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I'm going to start working on a new project. It's a 3D game using OpenGL for Windows, Linux and Mac OS X. and I'm going to need a library for GUI, windowing and handling input. I ended up with 3 choices Qt, WxWidgets and GTK+. All of them are under LGPL license.

1- Does LGPL allow to use these libraries to make proprietary applications?

2- Which one of these 3 applications is best for me?

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Strictly wxWidgets isn't LGPL. It's LGPL + allowing static linking –  Martin Beckett Aug 30 '11 at 16:30

3 Answers 3

up vote 9 down vote accepted
  1. Yes, so long as you don't statically link to them (ie: use them as DLLs). Though wxWidgets allows you to statically link without becoming GPL'd.

  2. None of the above. If you are making a 3D game, then none of these is good for your needs. The needs of a GUI for a game are very different from the needs of a GUI for a typical desktop application. In a game, you want you particular GUI elements to be consistent with a particular artistic direction, not be consistent with the desktop environment. Plus, you may want your GUI elements to be more expressive than what these toolkits would normally allow.

    It is for reasons like this that CEGUI exists. That is a GUI system designed for the needs of a game.

    Also, none of these provide input the way a game generally wants to process it. You typically want something lower level for a game than what these toolkits provide. That's why projects like SDL and SFML exist.

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what about Unicode support? i need to make the game available in different languages including RTL (Arabic and Hebrew). –  Walid Baccari Aug 30 '11 at 22:03
@wbaccari: You'll have to circumvent CEGUI's text rendering routines for that. You'd need to use Pango or ICU's layout class or something in order to do Unicode text layout. Qt, GTK+, and wxWidgets certainly support these languages, but their support for the other features you need for a proper game GUI is lacking. –  Nicol Bolas Aug 30 '11 at 22:44
I would even suggest making your own GUI system if you can. It is what I did and found it very rewarding. –  ssell Aug 31 '11 at 4:05

1 - Yes, provided that your project doesn't require alteration of the library itself

2 - I strongly reccommend Qt for new windowed apps, if for no other reason than it has excellent documentation (although there are many other winning points, but it gets subjective quite quickly). GTK and WxWidgets will both make you waste mental energy thinking about things you really shouldn't have to think about. Qt is easier to a) customise, and b) ignore when you don't care about customisation.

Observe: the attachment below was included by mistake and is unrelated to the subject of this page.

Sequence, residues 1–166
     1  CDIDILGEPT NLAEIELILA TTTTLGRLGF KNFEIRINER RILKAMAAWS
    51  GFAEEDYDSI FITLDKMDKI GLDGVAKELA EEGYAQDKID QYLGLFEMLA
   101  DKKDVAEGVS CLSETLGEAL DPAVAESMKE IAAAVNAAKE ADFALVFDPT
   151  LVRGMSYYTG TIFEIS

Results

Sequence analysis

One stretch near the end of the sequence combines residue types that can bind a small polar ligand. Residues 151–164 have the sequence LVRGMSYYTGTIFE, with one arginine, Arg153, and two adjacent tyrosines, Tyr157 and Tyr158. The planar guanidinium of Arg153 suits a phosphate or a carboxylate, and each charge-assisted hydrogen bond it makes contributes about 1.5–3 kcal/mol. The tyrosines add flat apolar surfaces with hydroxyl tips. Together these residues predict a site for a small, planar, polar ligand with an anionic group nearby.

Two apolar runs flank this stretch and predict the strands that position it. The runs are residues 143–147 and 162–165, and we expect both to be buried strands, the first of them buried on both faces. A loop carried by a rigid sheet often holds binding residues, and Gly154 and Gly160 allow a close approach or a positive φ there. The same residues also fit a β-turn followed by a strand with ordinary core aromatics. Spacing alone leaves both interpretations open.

Although for 3D stuff you might want to look into full-blown engines like, ooh, Irrlicht or Ogre3D or any of a number of others

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Though thedoc is great, QThread documentation sucks, it is missleading andjust wrong. And from my experince there are more cases where the documentation is just outdated (and no bureport will change it). –  drahnr Sep 17 '11 at 9:28

WxWidgets uses LGPL which means you can dynamically link to it in your project, without it forcing your project to be GPL or LGPL.

However, I suggest using CEGUI instead of the libraries you suggested, for any game or rendering application

CEGUI uses the MIT license which is less strict than LGPL and also allows you to link to the library dynamically (preferred) or statically, both without forcing you to have a specific license for your own project.

  • Supports OpenGL 3.2+ Core Profile (OpenGL3 Renderer)
  • Supports very old OpenGL versions (OpenGL Renderer)
  • If you want to use Ogre or Irrlicht engine, which can also rely on OpenGL, CEGUI also supports these two renderers via the CEGUIOgreRenderer and CEGUIIrrlichtRenderer
  • Ssupports Windows, Linux and Mac OS X, just as you want
  • Because someone asked in the comments: Unicode characters are fully supported so that
    you can use Hebrew, Arabic, all sort of Asian alphabets, etc, as shown in the current Font Demo - of course you need to install either one of the CEGUI fonts or use another Open Source Font
  • Was specifically designed for games, simulation and rendering applications
  • You can skin all elements in the UI (currently only via XML, soon also using an editor)
  • Provides a powerful editor (CEED) for layout editing with WYSIWYG (!) for free!
  • Is fully extendable and adaptive via changes in C++ code and/or XML
  • Powerful Event System

It might take a bit to set CEGUI and its dependencies up and get it to run with your project but it will still pay off on the long run because it has a lot more features than most free solutions for UI. Imagine how annoying it would be if you used an UI library and then found out it does not provide a specific feature you need and that it would be almost impossible to add this - because CEGUI is based on C++ and XML and because of its design, you can always add specific adjustments to CEGUI. So you will most likely not run into limitations even on the long run. Also it already has a lot of features out of the box - more than comparable libraries.

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